Benghazi, Libya (CNN) — Rebel forces claimed to control a strategically located city in eastern Libya on Saturday, a week after coalition troops began airstrikes aimed at protecting civilians.
Opposition fighters took control of Ajdabiya overnight after allied fighter jets bombed Libyan leader Moammar Gadhafi’s tanks that were entrenched at the city’s gates, opposition spokesman Jalal al-Gallal said.
Rebel troops were combing the city’s streets Saturday, looking to see if any of Gadhafi’s forces remained, he said.
CNN was not able to independently verify who controlled the city, and Libyan government officials could not be immediately reached for comment.
On Friday, government officials said coalition airstrikes were providing cover for rebels to advance toward Ajdabiya. The city is a gateway to oil-rich eastern Libya and a key stopping point on the way to the rebel stronghold of Benghazi.
“This is immoral, illegal and it was not authorized by the (UN) Security Council,” government spokesman Ibrahim Mussa told reporters.
Coalition leaders maintained that their mission was enforcing a no-fly zone and protecting civilians.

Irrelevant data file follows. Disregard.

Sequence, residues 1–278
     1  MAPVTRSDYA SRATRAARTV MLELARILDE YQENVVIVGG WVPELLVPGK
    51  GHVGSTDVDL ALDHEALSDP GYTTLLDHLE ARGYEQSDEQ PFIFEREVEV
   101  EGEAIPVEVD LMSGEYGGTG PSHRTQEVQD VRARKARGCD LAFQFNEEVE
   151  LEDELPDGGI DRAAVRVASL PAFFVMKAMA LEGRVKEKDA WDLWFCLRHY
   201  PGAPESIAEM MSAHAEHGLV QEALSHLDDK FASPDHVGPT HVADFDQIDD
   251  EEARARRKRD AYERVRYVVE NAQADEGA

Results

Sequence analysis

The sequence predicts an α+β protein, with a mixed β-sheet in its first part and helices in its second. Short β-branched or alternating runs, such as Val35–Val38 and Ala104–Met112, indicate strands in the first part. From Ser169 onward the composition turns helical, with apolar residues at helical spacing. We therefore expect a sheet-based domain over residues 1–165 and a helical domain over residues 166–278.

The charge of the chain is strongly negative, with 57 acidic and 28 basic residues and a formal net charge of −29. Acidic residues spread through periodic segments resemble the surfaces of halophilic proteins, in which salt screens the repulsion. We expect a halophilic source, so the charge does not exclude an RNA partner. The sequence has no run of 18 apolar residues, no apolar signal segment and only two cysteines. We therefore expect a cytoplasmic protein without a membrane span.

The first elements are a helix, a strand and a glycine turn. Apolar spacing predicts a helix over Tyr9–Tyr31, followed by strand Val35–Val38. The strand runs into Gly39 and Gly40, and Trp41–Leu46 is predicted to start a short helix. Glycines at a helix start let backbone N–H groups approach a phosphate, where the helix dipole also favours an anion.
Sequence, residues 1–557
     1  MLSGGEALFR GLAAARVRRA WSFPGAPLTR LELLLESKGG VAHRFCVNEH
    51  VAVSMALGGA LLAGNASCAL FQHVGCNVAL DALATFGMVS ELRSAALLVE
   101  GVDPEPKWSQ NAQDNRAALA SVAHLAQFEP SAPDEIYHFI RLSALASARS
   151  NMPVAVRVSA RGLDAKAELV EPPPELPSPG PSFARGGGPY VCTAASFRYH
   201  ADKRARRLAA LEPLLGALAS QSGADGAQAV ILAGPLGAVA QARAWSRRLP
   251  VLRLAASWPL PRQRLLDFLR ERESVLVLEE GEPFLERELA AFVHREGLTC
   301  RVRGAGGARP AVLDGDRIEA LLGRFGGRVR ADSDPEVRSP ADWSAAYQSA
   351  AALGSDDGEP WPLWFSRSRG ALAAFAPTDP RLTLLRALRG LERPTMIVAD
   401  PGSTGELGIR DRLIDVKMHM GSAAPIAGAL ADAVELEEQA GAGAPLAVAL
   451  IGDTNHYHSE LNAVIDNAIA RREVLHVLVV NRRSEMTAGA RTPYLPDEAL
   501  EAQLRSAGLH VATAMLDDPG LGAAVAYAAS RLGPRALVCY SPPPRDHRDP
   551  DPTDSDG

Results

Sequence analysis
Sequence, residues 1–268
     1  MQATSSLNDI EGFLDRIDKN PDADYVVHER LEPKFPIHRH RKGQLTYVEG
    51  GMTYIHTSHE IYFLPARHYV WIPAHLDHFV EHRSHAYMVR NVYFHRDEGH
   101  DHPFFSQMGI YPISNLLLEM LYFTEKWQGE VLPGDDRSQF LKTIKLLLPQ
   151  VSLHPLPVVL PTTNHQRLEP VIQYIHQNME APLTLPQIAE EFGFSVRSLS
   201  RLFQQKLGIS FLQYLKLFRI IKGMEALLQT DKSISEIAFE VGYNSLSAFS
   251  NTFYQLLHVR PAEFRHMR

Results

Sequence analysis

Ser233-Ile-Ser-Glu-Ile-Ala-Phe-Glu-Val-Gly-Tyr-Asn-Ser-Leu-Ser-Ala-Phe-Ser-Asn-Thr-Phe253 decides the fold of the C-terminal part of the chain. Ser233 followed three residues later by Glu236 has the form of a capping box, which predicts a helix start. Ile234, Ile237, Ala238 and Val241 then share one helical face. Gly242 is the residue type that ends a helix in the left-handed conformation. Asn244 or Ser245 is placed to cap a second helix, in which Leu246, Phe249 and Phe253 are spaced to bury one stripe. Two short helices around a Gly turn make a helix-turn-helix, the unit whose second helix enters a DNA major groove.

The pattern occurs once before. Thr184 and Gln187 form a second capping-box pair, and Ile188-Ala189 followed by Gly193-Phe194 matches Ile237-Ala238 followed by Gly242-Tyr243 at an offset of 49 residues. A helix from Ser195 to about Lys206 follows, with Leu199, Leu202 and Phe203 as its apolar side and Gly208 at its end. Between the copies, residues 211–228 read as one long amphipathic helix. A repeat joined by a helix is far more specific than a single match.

“When we see regime forces attacking civilians, we will do everything we can to stop those attacks,” said Gen. Carter Ham, commander of the U.S. Africa Command.
Coalition fighter planes in a 24-hour period took out seven Libyan tanks threatening civilian populations, including in Ajdabiya, authorities said Friday.
Opposition and pro-government forces have been locked in a fierce battle over the city.
Libyan state television reported March 15 that “Ajdabiya has been cleansed from mercenaries and terrorists connected to al Qaeda,” and later said Gadhafi’s forces were in control of the city.
Opposition leaders disputed that claim, saying government forces had only taken control of some of the city’s entrances.
Outside the city, displaced residents who fled the violence filled campsites scattered across the harsh terrain.
“We were driving and the rounds were landing around us. Rockets were hitting our roof,” Hussein Othman said. “We saw bodies in the street, but no one can bury them. Even the ambulances were getting shot at.”
To read more, visit:Â http://edition.cnn.com/2011/WORLD/africa/03/26/libya.war/?hpt=T1
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